The Gender Equality and Social Inclusion programme works to place discriminatory norms on the agenda, identifying where and how they are detrimental – from keeping girls out of school to excluding women from decision-making – and identifying solutions in political, civil, social, legal and economic structures, alongside measures to enhance personal efficacy and agency.

Recent systematic reviews have covered media approaches to address gender norm change, the efficacy of girls’ clubs to promote empowerment and projects to promote positive masculinities for adolescent boys and young men. We host the Advancing Learning and Innovation in Gender Norms (ALIGN) platform, which connects practitioners, policy makers and researchers working to understand and find effective ways to change discriminatory norms, and acts as a hub for knowledge sharing.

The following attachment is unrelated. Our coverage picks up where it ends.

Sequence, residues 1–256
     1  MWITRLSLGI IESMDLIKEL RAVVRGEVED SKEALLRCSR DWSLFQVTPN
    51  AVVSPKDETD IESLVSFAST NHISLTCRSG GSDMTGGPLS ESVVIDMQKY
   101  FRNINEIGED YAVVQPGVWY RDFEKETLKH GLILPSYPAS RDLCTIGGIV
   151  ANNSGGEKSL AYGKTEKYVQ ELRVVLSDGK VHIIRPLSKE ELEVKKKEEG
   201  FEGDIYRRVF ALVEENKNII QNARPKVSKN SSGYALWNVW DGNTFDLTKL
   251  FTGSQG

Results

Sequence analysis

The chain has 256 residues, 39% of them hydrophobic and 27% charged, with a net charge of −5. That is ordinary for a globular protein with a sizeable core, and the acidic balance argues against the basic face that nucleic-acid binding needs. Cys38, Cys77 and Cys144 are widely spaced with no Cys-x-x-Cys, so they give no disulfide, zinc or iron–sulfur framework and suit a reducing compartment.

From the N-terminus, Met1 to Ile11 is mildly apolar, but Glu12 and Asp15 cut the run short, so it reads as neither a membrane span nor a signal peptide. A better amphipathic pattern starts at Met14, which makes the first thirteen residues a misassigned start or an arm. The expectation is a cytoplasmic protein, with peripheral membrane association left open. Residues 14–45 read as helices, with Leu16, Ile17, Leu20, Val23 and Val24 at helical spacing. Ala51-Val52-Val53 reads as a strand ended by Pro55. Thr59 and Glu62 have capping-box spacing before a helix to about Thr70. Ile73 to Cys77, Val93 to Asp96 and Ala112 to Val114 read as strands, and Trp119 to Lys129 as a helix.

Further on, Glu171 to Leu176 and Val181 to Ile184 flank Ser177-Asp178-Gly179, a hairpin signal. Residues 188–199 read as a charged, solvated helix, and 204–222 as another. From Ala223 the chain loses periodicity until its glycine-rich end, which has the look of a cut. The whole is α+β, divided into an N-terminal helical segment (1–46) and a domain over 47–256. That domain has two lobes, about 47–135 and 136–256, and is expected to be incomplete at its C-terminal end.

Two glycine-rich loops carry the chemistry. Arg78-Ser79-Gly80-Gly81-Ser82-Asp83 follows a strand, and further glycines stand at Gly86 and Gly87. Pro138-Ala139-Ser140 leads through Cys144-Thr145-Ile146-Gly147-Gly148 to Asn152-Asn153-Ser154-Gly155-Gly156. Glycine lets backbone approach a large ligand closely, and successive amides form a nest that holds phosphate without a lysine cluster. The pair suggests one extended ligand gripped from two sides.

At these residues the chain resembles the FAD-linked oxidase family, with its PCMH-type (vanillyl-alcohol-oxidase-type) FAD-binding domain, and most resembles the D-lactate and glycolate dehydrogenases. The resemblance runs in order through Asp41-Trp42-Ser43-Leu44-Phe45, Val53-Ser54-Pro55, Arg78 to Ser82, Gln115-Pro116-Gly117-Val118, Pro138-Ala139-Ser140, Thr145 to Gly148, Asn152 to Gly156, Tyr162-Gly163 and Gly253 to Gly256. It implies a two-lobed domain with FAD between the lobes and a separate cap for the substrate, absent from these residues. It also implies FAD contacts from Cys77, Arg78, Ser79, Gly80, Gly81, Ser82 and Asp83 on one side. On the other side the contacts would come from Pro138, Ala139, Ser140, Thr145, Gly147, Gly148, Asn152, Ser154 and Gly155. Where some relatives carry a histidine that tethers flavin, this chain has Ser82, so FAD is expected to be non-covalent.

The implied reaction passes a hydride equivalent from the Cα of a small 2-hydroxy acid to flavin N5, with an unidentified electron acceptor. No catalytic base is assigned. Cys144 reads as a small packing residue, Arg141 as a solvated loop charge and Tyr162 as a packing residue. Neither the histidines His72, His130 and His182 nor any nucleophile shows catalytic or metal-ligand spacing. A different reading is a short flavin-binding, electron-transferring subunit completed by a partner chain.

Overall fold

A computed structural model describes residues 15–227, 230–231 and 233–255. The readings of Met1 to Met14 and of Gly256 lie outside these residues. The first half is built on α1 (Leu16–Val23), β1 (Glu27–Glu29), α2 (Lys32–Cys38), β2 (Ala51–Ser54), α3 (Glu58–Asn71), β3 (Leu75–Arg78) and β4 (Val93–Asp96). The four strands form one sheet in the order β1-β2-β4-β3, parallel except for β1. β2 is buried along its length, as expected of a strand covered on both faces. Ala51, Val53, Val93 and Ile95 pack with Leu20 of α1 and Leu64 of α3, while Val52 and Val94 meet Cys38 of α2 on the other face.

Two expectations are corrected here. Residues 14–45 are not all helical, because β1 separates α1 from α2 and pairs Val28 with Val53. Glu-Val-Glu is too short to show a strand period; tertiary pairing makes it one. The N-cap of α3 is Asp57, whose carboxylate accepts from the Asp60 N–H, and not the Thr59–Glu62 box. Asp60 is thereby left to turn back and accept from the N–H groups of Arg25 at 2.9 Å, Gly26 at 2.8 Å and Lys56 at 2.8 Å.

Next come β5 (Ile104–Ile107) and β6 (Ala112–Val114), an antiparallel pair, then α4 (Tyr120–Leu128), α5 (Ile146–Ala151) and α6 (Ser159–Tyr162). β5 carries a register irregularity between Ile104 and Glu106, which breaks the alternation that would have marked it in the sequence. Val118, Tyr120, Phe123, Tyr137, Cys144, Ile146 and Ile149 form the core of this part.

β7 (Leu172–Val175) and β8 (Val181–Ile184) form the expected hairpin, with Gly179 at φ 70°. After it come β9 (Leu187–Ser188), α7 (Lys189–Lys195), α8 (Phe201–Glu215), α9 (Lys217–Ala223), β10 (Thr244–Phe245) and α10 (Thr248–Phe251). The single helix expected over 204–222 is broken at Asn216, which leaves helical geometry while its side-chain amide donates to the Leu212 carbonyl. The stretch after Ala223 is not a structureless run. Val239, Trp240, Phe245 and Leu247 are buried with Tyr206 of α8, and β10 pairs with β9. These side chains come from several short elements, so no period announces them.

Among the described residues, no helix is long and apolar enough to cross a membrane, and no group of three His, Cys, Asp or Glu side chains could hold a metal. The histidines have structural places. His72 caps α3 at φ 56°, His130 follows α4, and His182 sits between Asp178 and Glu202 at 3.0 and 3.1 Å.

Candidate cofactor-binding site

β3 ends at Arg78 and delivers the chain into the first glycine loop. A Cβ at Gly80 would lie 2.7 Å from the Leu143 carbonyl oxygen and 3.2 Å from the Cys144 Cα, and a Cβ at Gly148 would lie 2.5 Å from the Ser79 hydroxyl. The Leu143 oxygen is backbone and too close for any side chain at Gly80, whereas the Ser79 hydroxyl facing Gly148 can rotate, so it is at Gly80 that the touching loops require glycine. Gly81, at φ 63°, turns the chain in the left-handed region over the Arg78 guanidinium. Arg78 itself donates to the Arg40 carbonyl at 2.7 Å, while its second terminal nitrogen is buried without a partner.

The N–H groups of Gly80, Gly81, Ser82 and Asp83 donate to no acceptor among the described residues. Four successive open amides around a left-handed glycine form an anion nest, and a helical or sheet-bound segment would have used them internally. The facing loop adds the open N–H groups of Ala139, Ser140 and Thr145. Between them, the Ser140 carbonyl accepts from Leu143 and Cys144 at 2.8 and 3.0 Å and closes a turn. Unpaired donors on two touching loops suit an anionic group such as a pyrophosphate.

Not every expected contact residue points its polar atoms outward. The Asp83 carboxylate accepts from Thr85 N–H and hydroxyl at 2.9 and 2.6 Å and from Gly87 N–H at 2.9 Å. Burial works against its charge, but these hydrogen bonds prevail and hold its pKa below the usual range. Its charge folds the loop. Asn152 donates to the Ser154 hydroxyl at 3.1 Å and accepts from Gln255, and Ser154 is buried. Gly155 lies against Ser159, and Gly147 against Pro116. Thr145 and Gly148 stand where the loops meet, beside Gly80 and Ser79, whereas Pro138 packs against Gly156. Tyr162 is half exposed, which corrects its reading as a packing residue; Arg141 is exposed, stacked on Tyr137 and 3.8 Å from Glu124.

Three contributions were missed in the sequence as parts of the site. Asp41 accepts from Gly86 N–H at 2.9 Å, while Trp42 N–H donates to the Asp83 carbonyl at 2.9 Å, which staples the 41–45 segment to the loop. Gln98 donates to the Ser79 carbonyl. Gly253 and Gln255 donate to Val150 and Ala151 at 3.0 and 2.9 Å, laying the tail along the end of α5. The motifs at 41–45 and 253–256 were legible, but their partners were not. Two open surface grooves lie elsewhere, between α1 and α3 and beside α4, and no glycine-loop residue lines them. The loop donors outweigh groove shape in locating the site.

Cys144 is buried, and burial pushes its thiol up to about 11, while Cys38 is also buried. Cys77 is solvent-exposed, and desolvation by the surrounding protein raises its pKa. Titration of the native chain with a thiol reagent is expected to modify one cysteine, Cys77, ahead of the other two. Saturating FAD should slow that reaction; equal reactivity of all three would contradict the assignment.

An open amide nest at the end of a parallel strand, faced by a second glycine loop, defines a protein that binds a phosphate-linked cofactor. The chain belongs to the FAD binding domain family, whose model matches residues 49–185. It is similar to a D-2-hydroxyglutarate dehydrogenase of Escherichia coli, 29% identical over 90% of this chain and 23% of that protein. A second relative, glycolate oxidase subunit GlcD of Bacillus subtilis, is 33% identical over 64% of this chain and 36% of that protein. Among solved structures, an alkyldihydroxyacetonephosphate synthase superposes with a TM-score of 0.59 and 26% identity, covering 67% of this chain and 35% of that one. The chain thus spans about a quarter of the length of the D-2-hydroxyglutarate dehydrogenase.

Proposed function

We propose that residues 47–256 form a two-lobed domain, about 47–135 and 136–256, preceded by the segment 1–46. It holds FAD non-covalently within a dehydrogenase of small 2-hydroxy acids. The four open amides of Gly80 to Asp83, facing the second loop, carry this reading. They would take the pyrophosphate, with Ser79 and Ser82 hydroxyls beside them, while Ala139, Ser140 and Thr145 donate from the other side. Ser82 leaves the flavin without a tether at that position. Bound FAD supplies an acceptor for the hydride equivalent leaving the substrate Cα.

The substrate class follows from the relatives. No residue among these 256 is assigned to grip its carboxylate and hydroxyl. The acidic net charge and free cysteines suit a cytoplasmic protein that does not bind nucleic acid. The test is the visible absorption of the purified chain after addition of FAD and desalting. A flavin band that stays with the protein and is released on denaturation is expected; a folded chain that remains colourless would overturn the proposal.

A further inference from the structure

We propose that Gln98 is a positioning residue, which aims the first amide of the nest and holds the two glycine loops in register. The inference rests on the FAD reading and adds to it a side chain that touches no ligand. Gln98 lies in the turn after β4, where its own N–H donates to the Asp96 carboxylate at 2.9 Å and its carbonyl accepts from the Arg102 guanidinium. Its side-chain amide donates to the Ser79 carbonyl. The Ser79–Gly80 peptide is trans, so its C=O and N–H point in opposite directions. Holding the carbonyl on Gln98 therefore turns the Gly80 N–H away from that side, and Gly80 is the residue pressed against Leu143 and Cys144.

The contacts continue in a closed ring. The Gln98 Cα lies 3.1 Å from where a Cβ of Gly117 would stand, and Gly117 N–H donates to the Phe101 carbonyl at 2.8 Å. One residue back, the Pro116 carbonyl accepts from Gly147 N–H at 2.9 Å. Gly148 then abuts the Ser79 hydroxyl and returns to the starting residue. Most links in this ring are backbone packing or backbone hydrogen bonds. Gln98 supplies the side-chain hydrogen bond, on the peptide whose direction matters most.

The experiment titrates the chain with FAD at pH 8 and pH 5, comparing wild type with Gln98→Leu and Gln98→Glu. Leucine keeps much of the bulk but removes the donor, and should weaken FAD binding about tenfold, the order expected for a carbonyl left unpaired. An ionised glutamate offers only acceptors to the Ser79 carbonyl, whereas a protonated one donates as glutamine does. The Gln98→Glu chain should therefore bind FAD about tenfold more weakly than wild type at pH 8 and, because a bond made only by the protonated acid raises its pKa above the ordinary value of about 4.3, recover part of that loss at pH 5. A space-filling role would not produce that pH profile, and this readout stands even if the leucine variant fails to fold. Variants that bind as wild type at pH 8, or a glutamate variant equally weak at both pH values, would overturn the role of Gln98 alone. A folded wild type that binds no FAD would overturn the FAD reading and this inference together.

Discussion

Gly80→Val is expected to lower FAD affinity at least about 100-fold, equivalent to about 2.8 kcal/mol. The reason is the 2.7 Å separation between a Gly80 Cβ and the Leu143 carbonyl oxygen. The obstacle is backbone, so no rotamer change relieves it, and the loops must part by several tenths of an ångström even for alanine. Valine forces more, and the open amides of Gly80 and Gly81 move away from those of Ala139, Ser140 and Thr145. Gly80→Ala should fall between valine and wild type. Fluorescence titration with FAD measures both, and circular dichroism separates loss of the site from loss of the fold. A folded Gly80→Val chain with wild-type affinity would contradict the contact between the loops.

Kategorien: english

Education

ODI - 14. Juli 2020 - 0:00

Our work on education identifies good practices and innovative approaches that enhance gender equality in areas as varied as reducing financial barriers, curriculum reform, teacher training and system-strengthening. Our analysis examines how formal and informal education contributes to girls’ skills and wider agency, for example in life decisions such as marriage, and how education can better prepare young people for changing labour markets.

We also explore ways to mitigate threats to girls’ education in conflict-affected contexts and strategies to combat gender-based violence in schools. Our research explores the effectiveness of life skills education in helping both boys and girls develop gender-equitable attitudes and behaviour.